- The Washington Times - Friday, September 25, 2009

The airwaves and cyberspace are clogged with hot air. Anybody and everybody and their cat Consuelo are expressing their opinions, venting, updating their Facebook status and, of course, twittering.

You might think the theater is a refuge from this rash of talking heads, but the spate of debate has extended to the footlights.

“The Quality of Life,” Arena Stage’s first show of the season, doesn’t come across as a play but as a cable talk show on an unusually atmospheric set — one featuring participants far more lively and complex than what you normally see on TV.

Not to denigrate the human suffering permeating Jane Anderson’s drama. The two couples who reunite in a charred forest are palpably grieving and grappling with issues of death, guilt, depression and anger. It’s just the way these issues are presented that seems pat and manufactured — and, in the process, does not do justice to the piercing heartache the characters are experiencing.

“The Quality of Life” is set on what remains of Jeannette (Johanna Day) and Neil’s (Stephen Schnetzer) Northern California compound. Bohemian, liberal and granola-crunchy, Jeannette and Neil were living the high life — both literally and figuratively — outside Berkeley until fire and cancer struck. Now they’re hunkering down in a makeshift yurt while Neil is in the last stages of terminal illness and determined to enjoy every last juicy bit of their time together.

In contrast, we have Jeannette’s relatives visiting from the Midwest — cousin Dinah (Annette O’Toole) and her husband, Bill (Kevin O’Rourke), embodying nearly every conservative heartland cliche you can muster. Dinah makes tacky crafts and does canning, while Bill is one of those men of few words who would rather talk Home Depot than discuss feelings.

Oh, and did we mention they’re born-again Christians, having embraced faith after the brutal murder of their daughter?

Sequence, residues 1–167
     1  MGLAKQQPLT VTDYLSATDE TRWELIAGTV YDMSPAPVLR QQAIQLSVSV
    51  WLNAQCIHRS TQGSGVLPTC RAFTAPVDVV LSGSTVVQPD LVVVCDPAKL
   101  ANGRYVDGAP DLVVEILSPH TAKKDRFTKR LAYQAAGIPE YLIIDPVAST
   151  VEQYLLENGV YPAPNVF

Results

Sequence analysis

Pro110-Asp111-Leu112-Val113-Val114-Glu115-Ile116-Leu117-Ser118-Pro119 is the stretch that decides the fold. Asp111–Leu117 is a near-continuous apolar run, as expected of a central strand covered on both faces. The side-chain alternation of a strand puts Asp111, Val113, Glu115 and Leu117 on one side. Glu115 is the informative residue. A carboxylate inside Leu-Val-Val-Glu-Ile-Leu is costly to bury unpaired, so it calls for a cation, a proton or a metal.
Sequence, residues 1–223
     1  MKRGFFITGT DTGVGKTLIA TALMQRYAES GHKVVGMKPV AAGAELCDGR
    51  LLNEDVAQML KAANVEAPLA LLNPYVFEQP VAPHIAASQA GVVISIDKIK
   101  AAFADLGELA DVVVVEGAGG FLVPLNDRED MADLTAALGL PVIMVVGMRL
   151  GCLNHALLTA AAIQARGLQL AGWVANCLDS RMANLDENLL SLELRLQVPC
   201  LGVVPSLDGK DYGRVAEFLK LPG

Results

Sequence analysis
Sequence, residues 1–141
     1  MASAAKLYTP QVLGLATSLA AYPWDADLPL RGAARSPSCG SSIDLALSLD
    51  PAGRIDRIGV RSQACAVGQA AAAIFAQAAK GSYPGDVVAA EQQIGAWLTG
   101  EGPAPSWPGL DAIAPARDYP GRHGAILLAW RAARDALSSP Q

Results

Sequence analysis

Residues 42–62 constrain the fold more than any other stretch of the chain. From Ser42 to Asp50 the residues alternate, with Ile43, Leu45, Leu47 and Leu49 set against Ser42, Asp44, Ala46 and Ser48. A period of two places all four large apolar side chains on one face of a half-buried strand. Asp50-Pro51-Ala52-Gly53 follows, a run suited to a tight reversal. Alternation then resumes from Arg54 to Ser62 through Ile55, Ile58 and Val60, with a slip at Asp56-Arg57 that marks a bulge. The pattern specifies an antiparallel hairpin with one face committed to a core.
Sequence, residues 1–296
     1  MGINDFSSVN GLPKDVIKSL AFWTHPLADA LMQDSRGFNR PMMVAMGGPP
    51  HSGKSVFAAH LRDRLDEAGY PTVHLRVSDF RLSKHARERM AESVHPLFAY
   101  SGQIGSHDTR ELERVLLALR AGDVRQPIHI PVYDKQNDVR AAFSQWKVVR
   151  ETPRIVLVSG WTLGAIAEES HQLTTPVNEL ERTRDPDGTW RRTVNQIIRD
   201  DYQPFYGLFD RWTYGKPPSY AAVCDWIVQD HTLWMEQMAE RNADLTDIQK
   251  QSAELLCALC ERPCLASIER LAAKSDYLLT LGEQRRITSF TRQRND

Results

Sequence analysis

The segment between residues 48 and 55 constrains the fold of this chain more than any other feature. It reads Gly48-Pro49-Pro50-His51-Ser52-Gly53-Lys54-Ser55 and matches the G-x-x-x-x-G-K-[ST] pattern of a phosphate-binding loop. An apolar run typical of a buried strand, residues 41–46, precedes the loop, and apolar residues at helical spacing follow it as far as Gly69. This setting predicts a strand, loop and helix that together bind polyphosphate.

Now that the sides are chosen, “The Quality of Life” becomes merely a pretense for the foursome to jaw about such topics as medical marijuana and alternative medicine (Bill, to no one’s surprise, is against them), suicide (Guess which two think it is a one-way ticket to damnation?), religion (Jeannette and Neil are “spiritual”; perhaps the Tibetan prayer flags fluttering over their heads was our first clue) and whether it is possible to have too much pleasure (Jeannette and Neil are happy hedonists. Who knew?).

The airing of these issues is the playwright’s excuse to exercise the patent TV device of having one glib character lob well-timed zingers. And, in this case, it’s Jeannette. It’s about as interesting as watching bubble gum harden on the pavement … only without the suspense factor.

You wonder: Will these people ever stop behaving as though they’re trapped in a redwoods version of “Dr. Phil”?

To say the cast goes beyond the confines of the script is an understatement. Miss O’Toole is astounding as the chatty, conflicted Dinah, who seems to take voracious comfort in religion until the day’s events awaken an unslakable rage and dissatisfaction within her. As her husband, Mr. O’Rourke brings gentle comedy to Bill’s reticence. However, when it’s time to express emotion, he does so with perfect calibration.

Miss Day comes off like the sexy earth mother who has it all together — until she makes you see the heartsickness of Jeannette, the selfishness and the greed. Mr. Schnetzer’s Neil is the play’s soul. He’s a man almost on the outskirts of life who still seeks undiminished passion and comfort.

“The Quality of Life” offers a rich examination into the vagaries of grief, as expressed through the extraordinary acting — if you can get beyond the words.

★★½

WHAT: “The Quality of Life,” by Jane Anderson, directed by Lisa Peterson

WHERE: Arena Stage at Crystal City, 1800 S. Bell St., Arlington

WHEN: 7:30 p.m. Tuesdays and Wednesdays, 8 p.m. Thursdays through Saturdays, 2 p.m. Saturdays and Sundays, 7:30 p.m. Sundays. Selected weekday matinees at noon. Through Oct. 18.

TICKETS: $25 to $66

PHONE: 202/488-3300

WEB SITE: www.arenastage.org

MAXIMUM RATING: FOUR STARS

Copyright © 2019 The Washington Times, LLC. Click here for reprint permission.

The Washington Times Comment Policy

The Washington Times welcomes your comments on Spot.im, our third-party provider. Please read our Comment Policy before commenting.

 

Click to Read More and View Comments

Click to Hide